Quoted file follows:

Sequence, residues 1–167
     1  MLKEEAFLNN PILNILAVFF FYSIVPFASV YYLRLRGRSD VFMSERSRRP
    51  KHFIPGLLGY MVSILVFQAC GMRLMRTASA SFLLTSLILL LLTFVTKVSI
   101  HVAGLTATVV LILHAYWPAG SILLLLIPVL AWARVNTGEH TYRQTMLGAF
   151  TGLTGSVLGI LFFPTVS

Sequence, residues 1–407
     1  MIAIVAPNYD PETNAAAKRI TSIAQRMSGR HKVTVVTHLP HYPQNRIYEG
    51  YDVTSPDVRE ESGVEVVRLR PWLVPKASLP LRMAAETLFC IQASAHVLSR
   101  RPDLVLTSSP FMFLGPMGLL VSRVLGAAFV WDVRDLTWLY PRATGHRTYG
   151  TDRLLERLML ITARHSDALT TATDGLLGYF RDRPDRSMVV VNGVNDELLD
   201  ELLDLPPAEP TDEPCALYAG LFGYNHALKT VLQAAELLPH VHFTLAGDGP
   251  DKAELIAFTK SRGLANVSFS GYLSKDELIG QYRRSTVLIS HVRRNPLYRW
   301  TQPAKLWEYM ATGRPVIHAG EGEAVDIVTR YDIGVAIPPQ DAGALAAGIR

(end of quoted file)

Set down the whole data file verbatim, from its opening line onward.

Sequence, residues 1–167
     1  MLKEEAFLNN PILNILAVFF FYSIVPFASV YYLRLRGRSD VFMSERSRRP
    51  KHFIPGLLGY MVSILVFQAC GMRLMRTASA SFLLTSLILL LLTFVTKVSI
   101  HVAGLTATVV LILHAYWPAG SILLLLIPVL AWARVNTGEH TYRQTMLGAF
   151  TGLTGSVLGI LFFPTVS

Sequence, residues 1–407
     1  MIAIVAPNYD PETNAAAKRI TSIAQRMSGR HKVTVVTHLP HYPQNRIYEG
    51  YDVTSPDVRE ESGVEVVRLR PWLVPKASLP LRMAAETLFC IQASAHVLSR
   101  RPDLVLTSSP FMFLGPMGLL VSRVLGAAFV WDVRDLTWLY PRATGHRTYG
   151  TDRLLERLML ITARHSDALT TATDGLLGYF RDRPDRSMVV VNGVNDELLD
   201  ELLDLPPAEP TDEPCALYAG LFGYNHALKT VLQAAELLPH VHFTLAGDGP
   251  DKAELIAFTK SRGLANVSFS GYLSKDELIG QYRRSTVLIS HVRRNPLYRW
   301  TQPAKLWEYM ATGRPVIHAG EGEAVDIVTR YDIGVAIPPQ DAGALAAGIR